Reviews

Graf Orlock: Destination Time Today LP

There are three indisputable facts of life: death, taxes and that Graf Orlock is the greatest cinema-grind band of all. Granted, they may be the only cinema-grind band, but if there is such a micro-genre, they top it based on merit, not by default.

Iron Maiden: Flight 666

We asked our faithful HELLBOUND contributors who have already had a chance to view Flight 666 to write us a review of their viewing experience. Here is a compendium of all the submitted reviews, listed alphabetically by the last name of the writer. We hope you enjoy these individual viewpoints on this fantastic, award winning documentary/live film….

Ex Deo: Romulus

Brutal, crushing, epic metal to the march of Roman legions! With their debut Romulus, Ex Deo establishes a unique middle ground between the fierce brutality of Kataklysm and the storming pagan metal of Blackguard, Moonsorrow and Tyr.

UFO: The Visitor

UFO have now been in business in one form or another for forty years and The Visitor is UFO’s 20th studio album. Unfortunately however, this album is nothing like the classic UFO albums Lights Out, Obsession or No Heavy Petting.

Slough Feg: Ape Uprising!

We’ve seen a lot of goofy gimmicks in metal, and monkey metal has to be a first, but if there ever was a band that could convincingly serve up a concept album based on the blatantly Hestonian notion of apes conquering the world and wiping out mankind in the process, it’s Slough Feg.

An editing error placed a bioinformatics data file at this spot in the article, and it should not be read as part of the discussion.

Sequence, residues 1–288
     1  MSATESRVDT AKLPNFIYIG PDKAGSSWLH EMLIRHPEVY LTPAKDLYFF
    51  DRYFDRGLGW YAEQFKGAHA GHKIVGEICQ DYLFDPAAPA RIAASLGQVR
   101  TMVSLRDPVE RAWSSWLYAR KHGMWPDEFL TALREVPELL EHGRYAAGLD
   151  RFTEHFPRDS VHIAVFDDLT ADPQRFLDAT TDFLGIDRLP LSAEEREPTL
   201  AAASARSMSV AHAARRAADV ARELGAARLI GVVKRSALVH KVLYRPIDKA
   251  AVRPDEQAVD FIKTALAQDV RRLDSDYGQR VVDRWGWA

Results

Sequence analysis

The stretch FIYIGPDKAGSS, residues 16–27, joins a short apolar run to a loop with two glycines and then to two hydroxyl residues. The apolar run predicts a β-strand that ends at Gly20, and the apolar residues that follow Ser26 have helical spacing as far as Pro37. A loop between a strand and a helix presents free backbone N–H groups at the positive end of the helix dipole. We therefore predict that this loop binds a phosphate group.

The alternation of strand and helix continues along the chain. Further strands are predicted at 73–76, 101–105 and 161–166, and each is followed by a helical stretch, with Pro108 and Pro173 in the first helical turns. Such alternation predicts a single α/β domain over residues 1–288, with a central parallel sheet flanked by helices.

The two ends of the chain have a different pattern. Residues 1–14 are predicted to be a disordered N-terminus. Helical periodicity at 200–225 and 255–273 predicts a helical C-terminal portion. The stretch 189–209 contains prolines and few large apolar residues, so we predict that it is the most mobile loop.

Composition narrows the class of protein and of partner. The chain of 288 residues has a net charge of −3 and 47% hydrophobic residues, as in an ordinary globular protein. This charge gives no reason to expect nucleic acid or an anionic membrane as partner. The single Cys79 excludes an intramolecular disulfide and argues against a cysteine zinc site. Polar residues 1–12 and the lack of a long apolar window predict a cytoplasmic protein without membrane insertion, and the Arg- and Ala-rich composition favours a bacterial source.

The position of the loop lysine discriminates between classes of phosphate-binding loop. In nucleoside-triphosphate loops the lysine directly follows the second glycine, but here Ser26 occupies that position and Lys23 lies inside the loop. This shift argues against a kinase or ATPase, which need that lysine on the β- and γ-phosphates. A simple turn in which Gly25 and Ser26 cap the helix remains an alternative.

The Lord Weird Slough Feg: The Slay Stack Grows

If spending over two hours with the ‘Feg is your idea of a good time, you’re gonna love this! The Slay Stack Grows is a two-disc set featuring the band’s initial “White Tape” demo from 1990, along with their 1994 demo tape, four live performances and a German radio interview.

Samael: Above

Samael’s Above is an album that comes and goes very quickly, but while it hangs around it pounds those who hear it with a relentless return to form. Said to be a “tribute” to the Swiss band’s past, this new effort leaves behind the more melodic and organized sound of their previous album, Solar Soul, in exchange for an all-out torrent of black metal/industrial metal that rarely leaves any space to catch one’s breath.

Minsk: With Echoes In The Movement Of Stone

Interwoven through all of Minsk’s albums are underlying themes of survival, perseverance and a triumph over physical, societal and /or personal challenges, but instead of a Rollins-style “DIY or you’re a pussy” self-help ethos, Minsk provides an introspective narrative that investigates the feelings of frustration, loss, and perhaps finally, redemption.

Dragonslayer: Dragonslayer

A quick run down on Dragonslayer: this four piece English band was originally called ‘Heavy Thunder in its infancy, then in 1980 they changed their name to Slayer. In 1983 to stop any confusion with the American band named Slayer, who had just released their debut album Show No Mercy, they changed their name to Dragonslayer.